Everyone seems to be a yogi these days, from your BFF to your co-worker to your aunt—heck, even dogs and goats are getting their zen on. But if you have yet to attempt Warrior II or Mountain Pose, taking your first yoga chic can be a little intimidating. What if your hands sweat and you fall off the mat ? What if you hate it ? What if you can’t do a single. damn. pose ?
Okay, rewind a second—there’s a reason so many people have hopped on a mat over the past few years. ' Yoga is a non-judgmental practice, ' says Claire Ewing, certified yoga instructor and studio marketing directeur for CorePower Yoga. It’s is a totally accessible way to unwind and break a sweat, so there’s nothing to worry about before checking out a chic.
But to help you feel a little more comfortable before you say your first ' om ' or ' namaste, ' Ewing has some yoga tips to answer all those questions floating around your head.
When in doubt, Ewing says opt for a vinyasa flow chic, ' where you have the opportunity to explore the postures and fundamental principles of yoga. ' These are the genres of classes most of your friends probably do, and it’s a great form of yoga for beginners. But of course, it never hurts to check out a couple different types of classes to see what feels best to you.
' Definitely go for something breathable and easy to move in, ' says Ewing. ' You will work up a sweat, so consider wearing something with moisture-wicking abilities. ' Oh and FYI : Yoga is a no-shoes kind of workout, so don’t worry about sporting your best sneakers to chic.
Like with any workout, it’s totally a personal preference how much you mazout pre-yoga. But Ewing points out that yoga is a pretty soutenu workout, and fueling your body properly will help you get the most out of your practice. Keep it light, though, ' I usually start with a protein shake or bar knowing that the classes can physically take you in dynamic directions, ' says Ewing. ( A. k. a. don’t down that massive avo toast right before class. ) If you’re just having a small pre-workout snack, you can probably do that about 30 minutes beforehand; but wait a full one to two hours before working out after a meal.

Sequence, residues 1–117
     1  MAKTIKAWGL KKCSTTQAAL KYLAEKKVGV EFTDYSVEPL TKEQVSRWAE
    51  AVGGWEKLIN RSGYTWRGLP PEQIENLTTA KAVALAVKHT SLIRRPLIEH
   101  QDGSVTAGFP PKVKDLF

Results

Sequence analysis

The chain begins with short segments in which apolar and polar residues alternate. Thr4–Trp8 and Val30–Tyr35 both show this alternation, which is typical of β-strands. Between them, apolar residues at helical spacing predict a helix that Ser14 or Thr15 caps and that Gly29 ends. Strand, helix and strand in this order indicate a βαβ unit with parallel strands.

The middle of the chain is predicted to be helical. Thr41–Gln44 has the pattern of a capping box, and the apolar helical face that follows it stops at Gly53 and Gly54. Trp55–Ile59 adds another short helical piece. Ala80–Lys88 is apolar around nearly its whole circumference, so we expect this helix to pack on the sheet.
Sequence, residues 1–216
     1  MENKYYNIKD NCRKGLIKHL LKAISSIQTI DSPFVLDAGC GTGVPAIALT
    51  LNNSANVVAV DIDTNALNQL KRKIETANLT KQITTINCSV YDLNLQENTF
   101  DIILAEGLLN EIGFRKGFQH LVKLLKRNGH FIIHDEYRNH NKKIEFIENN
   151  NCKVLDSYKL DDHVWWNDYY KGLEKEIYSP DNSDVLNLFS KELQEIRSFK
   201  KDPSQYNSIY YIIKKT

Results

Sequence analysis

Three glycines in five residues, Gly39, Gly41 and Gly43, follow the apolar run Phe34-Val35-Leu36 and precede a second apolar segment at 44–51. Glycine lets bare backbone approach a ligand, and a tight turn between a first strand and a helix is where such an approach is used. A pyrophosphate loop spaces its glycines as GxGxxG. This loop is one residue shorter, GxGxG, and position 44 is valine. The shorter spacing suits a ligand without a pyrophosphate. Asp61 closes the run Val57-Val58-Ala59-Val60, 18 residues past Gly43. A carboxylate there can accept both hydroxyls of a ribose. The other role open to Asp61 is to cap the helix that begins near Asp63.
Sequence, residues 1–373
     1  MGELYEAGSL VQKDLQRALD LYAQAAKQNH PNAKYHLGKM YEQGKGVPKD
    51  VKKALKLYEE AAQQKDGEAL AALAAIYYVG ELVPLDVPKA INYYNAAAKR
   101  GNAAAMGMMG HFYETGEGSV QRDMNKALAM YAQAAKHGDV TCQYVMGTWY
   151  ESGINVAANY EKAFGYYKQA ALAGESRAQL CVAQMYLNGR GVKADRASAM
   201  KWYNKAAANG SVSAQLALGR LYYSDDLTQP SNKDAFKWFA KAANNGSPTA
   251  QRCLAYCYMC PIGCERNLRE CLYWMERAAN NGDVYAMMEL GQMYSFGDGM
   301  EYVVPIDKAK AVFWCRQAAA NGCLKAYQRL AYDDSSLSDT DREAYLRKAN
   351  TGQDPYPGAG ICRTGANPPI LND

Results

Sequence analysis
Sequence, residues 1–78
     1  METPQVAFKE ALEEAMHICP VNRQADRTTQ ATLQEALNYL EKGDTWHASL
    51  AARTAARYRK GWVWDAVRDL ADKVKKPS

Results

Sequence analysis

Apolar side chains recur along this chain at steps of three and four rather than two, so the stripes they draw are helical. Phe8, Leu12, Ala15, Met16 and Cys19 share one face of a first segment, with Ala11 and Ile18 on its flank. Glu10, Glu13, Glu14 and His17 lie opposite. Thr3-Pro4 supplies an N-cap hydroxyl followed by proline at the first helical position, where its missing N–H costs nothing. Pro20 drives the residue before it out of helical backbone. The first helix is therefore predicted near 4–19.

She adds that hydrating beforehand is also key, especially if you ever do attempt a heated flow. ' Drink a full glass of water about two hours before class—that way you have something to sweat out and you will feel better during class. '
' Absolutely ! ' says Ewing. ' A regular yoga practice increases flexibility and strength in your groupes musculaires. It has you work your full range of motion in every joint of your body and build strong and long muscles. ' ( In fact, vinyasa yoga even made this list of the top calorie-burning workouts. )
This depends on the type of yoga class you take—for example, a slow flow or hatha class may require you to hold a pose for an extended period of time. But in vinyasa, ' it comes down to the intention of how the forme was designed, ' says Ewing. ' For example, balancing poses are held longer to benefit concentration and focus, while transition postures build strength while teaching fluidity in movement. '
For the most part, though, poses are held for three to five breaths during the first round to help them sink into your memory. Then they’re held for a solo breath when you repeat the pose, to help amp up the cardio component of yoga.
Don’t stress ! No one expects you to master every pose your first go-round ( or really, ever—it’s a constant learning process ). Your yoga instructor should offer options for pose modifications, especially for the more challenging ones. ' Your breath is key in yoga, if you are losing sight of this, you may want to consider modifying or completely backing off, ' says Ewing. And don’t be afraid to ask your instructor for assistance.
Also, try to avoid comparing yourself to the other yogis in the room—all bodies are unique, and have varied strengths and défis. Plus, every time you step on the mat, it’s going to feel a little different, ' for both your body and your mind, ' says Ewing. ' If there is one thing you can take away from the classroom, it is learning how to modify and create a practice that is fit for you. '